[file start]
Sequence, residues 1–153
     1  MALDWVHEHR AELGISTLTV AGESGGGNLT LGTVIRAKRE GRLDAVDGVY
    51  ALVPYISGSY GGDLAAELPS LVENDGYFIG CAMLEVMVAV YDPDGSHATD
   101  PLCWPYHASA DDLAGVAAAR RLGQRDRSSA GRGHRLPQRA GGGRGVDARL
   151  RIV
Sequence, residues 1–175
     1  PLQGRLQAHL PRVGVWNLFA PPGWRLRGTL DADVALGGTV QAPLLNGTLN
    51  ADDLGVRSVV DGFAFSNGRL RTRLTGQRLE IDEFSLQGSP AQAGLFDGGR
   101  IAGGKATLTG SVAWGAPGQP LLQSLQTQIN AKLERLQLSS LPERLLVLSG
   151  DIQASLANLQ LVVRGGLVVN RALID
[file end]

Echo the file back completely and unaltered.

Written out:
Sequence, residues 1–153
     1  MALDWVHEHR AELGISTLTV AGESGGGNLT LGTVIRAKRE GRLDAVDGVY
    51  ALVPYISGSY GGDLAAELPS LVENDGYFIG CAMLEVMVAV YDPDGSHATD
   101  PLCWPYHASA DDLAGVAAAR RLGQRDRSSA GRGHRLPQRA GGGRGVDARL
   151  RIV
Sequence, residues 1–175
     1  PLQGRLQAHL PRVGVWNLFA PPGWRLRGTL DADVALGGTV QAPLLNGTLN
    51  ADDLGVRSVV DGFAFSNGRL RTRLTGQRLE IDEFSLQGSP AQAGLFDGGR
   101  IAGGKATLTG SVAWGAPGQP LLQSLQTQIN AKLERLQLSS LPERLLVLSG
   151  DIQASLANLQ LVVRGGLVVN RALID